Events This Week

Just a quick heads-up on some events going on at Duke this week:

1) Today and tomorrow there are three events with Joseph Masco, one of the most prominent anthropologists working on the contemporary security state. These all take place in Friedl 225 at Duke East Campus:

–Today, Monday at 130pm: Lecture: The Crisis in Crisis. Description:

This paper interrogates the current over-deterimination of “crisis” in American media and political cultures.  It compares the two existential dangers our our times — nuclear crisis and climate crisis — and analyzes current U.S. policy proposals which extend rather than eliminate these ultimate forms of danger.  Thus, it considers the historical terms whereby “crisis” has become a counter-revolutionary force in American Society, a means of preserving infrastructures of violence rather generating transformational processes.  In doing so, the paper explores the affective logics and political sensibilities necessary for mobilizing alternative collective futures today.

–Today, Monday at 4pm: Conversation with Masco and Peter Redfield, Wahneema Lubiano, and Diane Nelson

–Tomorrow, Tuesday at 530pm: Discussion of Chapters 1 and 4 of Masco’s book Theater of Operations

Joseph Masco is a professor of anthropology and science studies at The University of Chicago.  He is the author of The Nuclear Borderlands: The Manhattan Project in Post-Cold War New Mexico, and most recently, The Theater of Operations: National Security Affect from the Cold War to the War on Terror.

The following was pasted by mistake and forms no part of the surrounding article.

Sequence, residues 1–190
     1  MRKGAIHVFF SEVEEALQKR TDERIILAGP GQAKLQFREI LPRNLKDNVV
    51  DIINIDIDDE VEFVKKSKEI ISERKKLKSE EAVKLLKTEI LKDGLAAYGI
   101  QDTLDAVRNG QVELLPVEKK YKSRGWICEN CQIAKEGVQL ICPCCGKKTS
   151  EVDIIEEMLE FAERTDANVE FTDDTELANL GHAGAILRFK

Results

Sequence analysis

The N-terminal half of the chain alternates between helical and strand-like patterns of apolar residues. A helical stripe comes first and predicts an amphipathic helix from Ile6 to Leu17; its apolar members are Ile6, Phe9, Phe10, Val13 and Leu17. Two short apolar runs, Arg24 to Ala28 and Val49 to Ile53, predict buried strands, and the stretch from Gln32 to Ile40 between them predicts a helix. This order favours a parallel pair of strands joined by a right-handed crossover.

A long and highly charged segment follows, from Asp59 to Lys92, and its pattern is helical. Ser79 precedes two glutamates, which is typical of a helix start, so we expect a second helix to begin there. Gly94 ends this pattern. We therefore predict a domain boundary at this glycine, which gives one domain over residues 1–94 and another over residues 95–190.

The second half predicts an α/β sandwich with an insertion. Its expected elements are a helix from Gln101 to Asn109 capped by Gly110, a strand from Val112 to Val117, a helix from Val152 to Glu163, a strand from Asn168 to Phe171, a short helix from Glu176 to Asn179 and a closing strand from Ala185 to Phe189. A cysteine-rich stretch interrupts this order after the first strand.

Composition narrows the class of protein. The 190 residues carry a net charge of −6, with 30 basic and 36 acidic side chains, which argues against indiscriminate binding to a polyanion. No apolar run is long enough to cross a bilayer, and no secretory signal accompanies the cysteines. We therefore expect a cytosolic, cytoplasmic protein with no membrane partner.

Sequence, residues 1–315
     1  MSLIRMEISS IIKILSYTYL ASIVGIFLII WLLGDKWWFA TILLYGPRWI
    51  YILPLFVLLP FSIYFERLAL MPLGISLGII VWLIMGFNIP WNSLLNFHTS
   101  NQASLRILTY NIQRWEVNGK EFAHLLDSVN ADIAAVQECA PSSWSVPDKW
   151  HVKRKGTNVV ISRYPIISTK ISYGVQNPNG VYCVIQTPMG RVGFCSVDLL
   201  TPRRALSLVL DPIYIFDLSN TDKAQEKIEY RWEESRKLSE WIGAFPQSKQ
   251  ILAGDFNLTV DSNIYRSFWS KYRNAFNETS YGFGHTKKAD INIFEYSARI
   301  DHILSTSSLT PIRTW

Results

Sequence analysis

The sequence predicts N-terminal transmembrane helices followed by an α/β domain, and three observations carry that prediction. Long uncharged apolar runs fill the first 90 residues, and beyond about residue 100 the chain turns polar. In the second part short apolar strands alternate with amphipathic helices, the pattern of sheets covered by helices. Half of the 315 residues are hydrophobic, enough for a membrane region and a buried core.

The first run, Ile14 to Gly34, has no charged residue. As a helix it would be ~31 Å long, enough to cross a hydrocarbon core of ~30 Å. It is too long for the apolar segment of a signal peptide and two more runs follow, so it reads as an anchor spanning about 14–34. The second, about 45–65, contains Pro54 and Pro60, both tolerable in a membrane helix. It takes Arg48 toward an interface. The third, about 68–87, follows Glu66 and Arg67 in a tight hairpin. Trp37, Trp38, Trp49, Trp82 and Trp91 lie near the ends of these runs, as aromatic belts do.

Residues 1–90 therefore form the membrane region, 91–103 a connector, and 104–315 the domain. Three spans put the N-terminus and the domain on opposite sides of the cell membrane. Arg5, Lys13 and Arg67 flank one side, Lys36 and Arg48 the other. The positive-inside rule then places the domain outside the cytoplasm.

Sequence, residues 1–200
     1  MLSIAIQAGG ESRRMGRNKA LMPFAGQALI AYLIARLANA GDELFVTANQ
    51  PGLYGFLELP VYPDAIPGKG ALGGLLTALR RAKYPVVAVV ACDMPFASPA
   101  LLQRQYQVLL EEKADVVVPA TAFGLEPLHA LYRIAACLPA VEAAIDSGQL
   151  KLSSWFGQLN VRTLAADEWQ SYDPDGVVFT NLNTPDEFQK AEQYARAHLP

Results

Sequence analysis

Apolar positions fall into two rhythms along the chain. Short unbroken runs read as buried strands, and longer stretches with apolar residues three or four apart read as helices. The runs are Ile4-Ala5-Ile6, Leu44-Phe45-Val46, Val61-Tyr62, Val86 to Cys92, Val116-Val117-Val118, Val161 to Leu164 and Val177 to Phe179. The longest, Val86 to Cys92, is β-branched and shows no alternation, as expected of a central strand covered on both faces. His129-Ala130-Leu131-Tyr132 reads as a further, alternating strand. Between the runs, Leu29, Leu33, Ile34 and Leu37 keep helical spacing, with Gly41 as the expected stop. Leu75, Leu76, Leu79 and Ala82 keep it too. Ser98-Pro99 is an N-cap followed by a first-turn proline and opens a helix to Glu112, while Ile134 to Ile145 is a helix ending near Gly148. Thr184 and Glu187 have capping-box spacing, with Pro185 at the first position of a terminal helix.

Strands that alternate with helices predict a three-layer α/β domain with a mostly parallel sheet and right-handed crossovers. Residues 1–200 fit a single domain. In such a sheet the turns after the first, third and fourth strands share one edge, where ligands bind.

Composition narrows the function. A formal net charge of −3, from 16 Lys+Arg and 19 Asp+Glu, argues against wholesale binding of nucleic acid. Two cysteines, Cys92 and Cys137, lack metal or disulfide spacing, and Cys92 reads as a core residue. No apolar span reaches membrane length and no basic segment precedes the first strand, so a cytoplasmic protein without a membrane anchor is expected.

2) On Tuesday, an art exhibit and panel on the legacies of Hiroshima:

Tuesday, September 22, 2015


6pm Art Exhibition Opening Reception

7-9pm Panel Discussion

Location: Jameson Gallery, Friedl Building, East Campus, Duke University

*Refreshments provided

In August 1945, two atomic bombs were dropped on the Japanese cities of Hiroshima and Nagasaki, killing more than 129,000 people. It was the first and only time in history that nuclear weaponry was used for warfare. How did the U.S. military and politicians at the time understand its military significance and ethical implications? How did the victims experience the trauma and the ensuing layers of victimization? What narratives have emerged in our collective remembrance of the war — and how does this remembrance shape modern day nuclear politics and US-Japan relations? On its 70th anniversary, let us revisit that contested, traumatic moment in history, question it and remember it.

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